I Have Cerebral Palsy, Can Botox Injections Help Me Walk Unassisted?
- Asked by jennygal01 in Newark
- 2 years ago
I currently use a wheelchair to get around because of my cerebral palsy. I have heard that Boxtox injections can relax muscles to improve walking ability. Is this true?
Botox may help some neuromuscular disorders
Neurologists can help some patients whose muscles are in spasm or dystrophy. Please ask your neurologist if this is possible for you. They would have to discuss with you, if you're a candidate, the risks of the treatment vs. its advantages, etc.
Web reference: http://www.thenyac.com/botox/index.html
Botox for approved medical purposes must be addressed by a specialist.
I wish you the very best of luck pursuing your research into whether Botox may be able to help you walk again. Unfortunately, of course, we are cosmetic physicians trained in other uses of the neuromodulator, and are not the ones to answer this for you. Please do look into the treatment with your neurologist or ask for a referral to someone who specializes in these treatments. The dosages are MUCH higher and the risks of dangerous problems increase along with that, so do be very strict in your selection of attentive, and appropriately trained physicians.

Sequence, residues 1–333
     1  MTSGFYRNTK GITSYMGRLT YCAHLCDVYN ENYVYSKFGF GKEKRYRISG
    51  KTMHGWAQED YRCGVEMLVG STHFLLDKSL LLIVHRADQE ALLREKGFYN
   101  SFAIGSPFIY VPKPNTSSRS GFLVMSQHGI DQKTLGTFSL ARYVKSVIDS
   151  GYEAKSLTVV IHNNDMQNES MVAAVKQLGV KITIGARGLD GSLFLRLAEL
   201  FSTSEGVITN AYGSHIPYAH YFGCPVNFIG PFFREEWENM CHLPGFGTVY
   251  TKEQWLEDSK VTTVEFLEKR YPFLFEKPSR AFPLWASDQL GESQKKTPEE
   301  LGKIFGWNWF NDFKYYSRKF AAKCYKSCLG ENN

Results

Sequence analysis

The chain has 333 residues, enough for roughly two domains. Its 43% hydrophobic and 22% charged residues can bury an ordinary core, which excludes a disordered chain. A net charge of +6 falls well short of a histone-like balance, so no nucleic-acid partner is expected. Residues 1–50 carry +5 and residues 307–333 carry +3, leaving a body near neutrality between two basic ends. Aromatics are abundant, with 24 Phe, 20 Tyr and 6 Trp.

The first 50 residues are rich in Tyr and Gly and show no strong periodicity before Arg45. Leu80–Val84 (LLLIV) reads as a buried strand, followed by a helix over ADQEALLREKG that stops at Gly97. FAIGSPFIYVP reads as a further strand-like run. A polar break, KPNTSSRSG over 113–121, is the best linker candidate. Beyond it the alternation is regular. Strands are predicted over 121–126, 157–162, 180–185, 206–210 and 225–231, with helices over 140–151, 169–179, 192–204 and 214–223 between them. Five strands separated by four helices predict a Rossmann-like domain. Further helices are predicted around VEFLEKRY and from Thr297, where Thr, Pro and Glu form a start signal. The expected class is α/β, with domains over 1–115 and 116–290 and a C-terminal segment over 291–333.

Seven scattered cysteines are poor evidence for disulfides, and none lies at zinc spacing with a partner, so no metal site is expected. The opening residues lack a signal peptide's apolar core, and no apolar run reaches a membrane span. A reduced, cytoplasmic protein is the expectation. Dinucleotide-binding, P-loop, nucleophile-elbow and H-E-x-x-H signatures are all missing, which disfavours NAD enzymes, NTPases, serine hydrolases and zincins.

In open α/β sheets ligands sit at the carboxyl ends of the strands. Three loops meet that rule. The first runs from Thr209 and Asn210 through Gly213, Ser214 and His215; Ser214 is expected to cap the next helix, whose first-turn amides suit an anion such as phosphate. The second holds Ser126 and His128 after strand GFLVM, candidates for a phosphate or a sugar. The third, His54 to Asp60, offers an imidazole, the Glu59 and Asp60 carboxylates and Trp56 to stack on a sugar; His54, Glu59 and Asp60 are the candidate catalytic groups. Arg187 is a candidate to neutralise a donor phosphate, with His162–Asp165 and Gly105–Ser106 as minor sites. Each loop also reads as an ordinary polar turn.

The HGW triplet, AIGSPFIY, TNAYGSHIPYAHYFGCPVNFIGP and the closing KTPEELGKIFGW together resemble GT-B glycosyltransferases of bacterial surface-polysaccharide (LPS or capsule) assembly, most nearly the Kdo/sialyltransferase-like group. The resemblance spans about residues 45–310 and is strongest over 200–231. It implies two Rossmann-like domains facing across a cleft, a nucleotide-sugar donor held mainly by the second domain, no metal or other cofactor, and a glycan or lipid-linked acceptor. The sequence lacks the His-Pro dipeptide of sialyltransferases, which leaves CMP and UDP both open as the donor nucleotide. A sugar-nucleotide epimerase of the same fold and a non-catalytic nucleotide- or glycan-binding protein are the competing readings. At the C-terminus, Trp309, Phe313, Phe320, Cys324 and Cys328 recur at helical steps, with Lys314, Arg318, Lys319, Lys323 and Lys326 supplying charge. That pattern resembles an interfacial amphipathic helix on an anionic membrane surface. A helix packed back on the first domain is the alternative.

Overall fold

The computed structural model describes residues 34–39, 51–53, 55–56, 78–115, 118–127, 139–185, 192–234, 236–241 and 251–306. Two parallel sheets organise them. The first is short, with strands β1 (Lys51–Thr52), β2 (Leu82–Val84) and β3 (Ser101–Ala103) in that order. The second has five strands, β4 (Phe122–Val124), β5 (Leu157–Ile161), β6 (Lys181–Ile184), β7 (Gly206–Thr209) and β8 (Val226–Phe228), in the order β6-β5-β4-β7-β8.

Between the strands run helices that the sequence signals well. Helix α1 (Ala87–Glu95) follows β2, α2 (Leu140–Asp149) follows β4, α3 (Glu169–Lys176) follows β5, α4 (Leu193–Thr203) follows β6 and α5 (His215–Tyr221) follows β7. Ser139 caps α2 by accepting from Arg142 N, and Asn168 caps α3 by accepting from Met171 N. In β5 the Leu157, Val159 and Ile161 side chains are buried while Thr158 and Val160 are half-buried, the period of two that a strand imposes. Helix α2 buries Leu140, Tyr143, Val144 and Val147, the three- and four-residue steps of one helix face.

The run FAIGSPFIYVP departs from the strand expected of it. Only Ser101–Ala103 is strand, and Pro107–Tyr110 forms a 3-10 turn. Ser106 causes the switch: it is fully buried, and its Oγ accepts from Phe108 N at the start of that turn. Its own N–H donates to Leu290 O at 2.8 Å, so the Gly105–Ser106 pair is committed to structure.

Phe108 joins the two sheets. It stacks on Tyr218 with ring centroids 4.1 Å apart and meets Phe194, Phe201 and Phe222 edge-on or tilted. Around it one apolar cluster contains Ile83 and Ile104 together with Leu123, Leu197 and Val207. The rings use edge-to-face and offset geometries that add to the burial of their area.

Web reference: http://www.JessicaKrantMD.com
Botox for Cerebral Palsey
Jenny: Although we all use Botox, your question is best answered by your neurologist. If he/she does not have experience with Botox, they can refer you to someone who does. Good Luck!
Botox and Cerebral Palsy
Hi JennyGal: remember that Botox injections "relax" muscles. By doing so it usually diminishes the spasms seen with CP. It will not improve muscle strength. Your best bet is to find a Neurologist who is knowledgeable in Botox injections for CP.
Hope it helps.
Botox for Cerebral Palsy
Dear Jennygal in Newark:
I believe this is a question that is best for you to discuss with your neurologist..
These answers are for educational purposes and should not be relied upon as a substitute for medical advice you may receive from your physician. If you have a medical emergency, please call 911. These answers do not constitute or initiate a patient/doctor relationship.